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Long before European explorers and traders began arriving in northern Quebec and Labrador, the Naskapi people followed their main food source, the caribou, across the barren tundra from Hudson Bay in the west, to Labrador’s east coast. Then in 1831, the Naskapis pitched their tents near the Hudson’s Bay Company (HBC) trading post at Fort Chimo—beginning a long trading relationship with the storied British company. But over time, the Naskapis grew increasingly dependent on the HBC for food and supplies.
Ironically, the HBC’s role in providing physical food for the hardy northern band led to the Naskapis’ first taste of “milk” from God’s Word. Anglican clergy attached to the HBC posts introduced the Naskapis to the gospel, teaching some of them to read and write from a Cree translation of the New Testament. Eventually, the band embraced Anglican forms of worship, using Cree Scriptures, prayer books and hymns. For more than 100 years, the Naskapis relied on literate elders to read aloud from the Cree texts and interpret “on the fly” whenever they gathered to worship.
Then in the late 1960s, a Wycliffe-initiated language survey of northern Quebec identified the need for a Naskapi translation of the Bible. The survey opened the door for a long-term language project that resulted in the publication of the Naskapi New Testament in 2007 (see Word Alive, Spring 2008). Furthermore, the project has helped spark renewed interest among the Naskapis in their own history and culture, as well as mother-tongue literacy.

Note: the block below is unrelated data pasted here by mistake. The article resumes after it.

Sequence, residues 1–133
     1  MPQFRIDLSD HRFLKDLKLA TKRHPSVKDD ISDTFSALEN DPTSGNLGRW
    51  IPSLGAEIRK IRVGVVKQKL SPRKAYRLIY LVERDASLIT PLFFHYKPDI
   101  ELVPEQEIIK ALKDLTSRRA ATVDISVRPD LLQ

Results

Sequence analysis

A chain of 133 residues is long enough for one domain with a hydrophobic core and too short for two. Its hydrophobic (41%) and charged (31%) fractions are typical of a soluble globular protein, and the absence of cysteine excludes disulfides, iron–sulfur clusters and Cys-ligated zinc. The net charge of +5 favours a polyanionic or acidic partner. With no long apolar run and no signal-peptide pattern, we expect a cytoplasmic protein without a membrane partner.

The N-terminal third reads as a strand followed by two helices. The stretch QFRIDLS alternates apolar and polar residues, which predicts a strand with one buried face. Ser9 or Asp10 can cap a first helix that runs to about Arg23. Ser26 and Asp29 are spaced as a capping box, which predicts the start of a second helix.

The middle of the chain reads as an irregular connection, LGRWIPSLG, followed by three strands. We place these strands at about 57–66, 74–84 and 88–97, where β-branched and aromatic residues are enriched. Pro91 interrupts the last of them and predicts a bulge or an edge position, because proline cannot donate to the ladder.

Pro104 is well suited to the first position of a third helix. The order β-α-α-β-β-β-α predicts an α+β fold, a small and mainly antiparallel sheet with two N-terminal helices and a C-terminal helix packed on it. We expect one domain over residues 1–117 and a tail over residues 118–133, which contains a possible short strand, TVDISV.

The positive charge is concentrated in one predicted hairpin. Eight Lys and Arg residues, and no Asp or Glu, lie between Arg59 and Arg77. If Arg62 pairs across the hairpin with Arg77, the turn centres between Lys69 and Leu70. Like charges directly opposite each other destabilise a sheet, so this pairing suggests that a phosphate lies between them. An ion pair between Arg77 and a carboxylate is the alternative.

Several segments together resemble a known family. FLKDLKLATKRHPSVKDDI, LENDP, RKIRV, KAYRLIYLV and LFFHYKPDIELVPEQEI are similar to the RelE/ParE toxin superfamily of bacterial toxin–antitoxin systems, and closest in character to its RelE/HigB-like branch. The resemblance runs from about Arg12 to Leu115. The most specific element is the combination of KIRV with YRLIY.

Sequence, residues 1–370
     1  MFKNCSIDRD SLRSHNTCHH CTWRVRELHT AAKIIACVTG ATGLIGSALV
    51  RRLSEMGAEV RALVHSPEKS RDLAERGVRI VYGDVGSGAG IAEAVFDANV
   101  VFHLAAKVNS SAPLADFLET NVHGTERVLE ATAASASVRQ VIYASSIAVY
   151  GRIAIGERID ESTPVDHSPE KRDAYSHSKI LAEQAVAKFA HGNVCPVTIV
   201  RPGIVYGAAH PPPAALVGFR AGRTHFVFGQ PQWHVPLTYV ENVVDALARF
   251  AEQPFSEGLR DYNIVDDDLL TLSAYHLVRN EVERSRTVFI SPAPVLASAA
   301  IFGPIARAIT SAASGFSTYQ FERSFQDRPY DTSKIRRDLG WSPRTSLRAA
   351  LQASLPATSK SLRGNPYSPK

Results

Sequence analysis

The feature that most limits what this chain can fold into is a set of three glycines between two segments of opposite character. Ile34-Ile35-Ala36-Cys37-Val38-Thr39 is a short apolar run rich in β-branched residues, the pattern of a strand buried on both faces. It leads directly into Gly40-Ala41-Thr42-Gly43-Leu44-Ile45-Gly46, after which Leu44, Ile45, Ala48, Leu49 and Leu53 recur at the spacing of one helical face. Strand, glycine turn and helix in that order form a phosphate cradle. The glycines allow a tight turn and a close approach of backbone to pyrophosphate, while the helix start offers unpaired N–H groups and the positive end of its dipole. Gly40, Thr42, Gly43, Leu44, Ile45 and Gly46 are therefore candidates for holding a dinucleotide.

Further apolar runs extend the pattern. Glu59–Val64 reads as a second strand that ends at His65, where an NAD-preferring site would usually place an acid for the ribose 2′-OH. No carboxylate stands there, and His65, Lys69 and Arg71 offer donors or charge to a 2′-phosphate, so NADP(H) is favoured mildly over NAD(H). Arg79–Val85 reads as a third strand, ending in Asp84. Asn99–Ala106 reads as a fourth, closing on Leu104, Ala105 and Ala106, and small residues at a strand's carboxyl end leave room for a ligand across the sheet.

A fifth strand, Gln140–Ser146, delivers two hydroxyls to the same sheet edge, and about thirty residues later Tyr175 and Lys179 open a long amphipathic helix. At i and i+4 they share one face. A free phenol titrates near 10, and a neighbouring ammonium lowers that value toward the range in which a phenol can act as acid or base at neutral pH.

Today, more than 1,100 Naskapis live in the community of Kawawachikamach [KA-wa-wa-CHIK-ah-match], a 15-kilometer drive northeast of Schefferville, Que. A mining town built in the mid-1950s by the Iron Ore Company of Canada (IOC), Schefferville is accessible only by air or a 550-kilometer train ride from Sept-Iles.
Kawawa’s name means “by a winding lake”, but the picturesque community, surrounded by verdant forests and endless muskeg, has only been the Naskapis’ home for the past 30 years.
After Fort Chimo closed in 1842, the Naskapis trekked southward to be near another HBC trading post, Fort Nascopie. Thus began a long and turbulent history that included three more major upheavals, until 23 families left Fort Chimo by canoe in the summer of 1956 and headed for Schefferville.
While details are disputed, it was reported that officials in Schefferville had no idea the Naskapis were coming and had to scramble to find a suitable place for them to settle. In any case, for the first time in their history, the Naskapis began living in houses, at nearby John Lake.
They endured one more forced relocation until finally, after negotiating agreements in the 1970s with both the federal and provincial governments, they moved for the last time in 1983 to their own community of Kawawa.
Called by God
In 1987, God was preparing a young couple from Connecticut, Bill and Norma Jean Jancewicz, to work among the Naskapis. Bill had just completed a linguistics course taught by SIL, a major Wycliffe partner organization, but expected that he’d be serving in a support role like graphic design or running a print shop.
“We had been praying, ‘Lord, what do you want us to do?” Bill says. “We had thought about serving in Canada or Alaska, so we were kind of leaning that way.”
Bill visited Kawawa that year with Wycliffe’s Don Hekman, who had done a language survey in the area. They met with members of the band council, who invited Bill to return with his family and live in the community of 300-plus.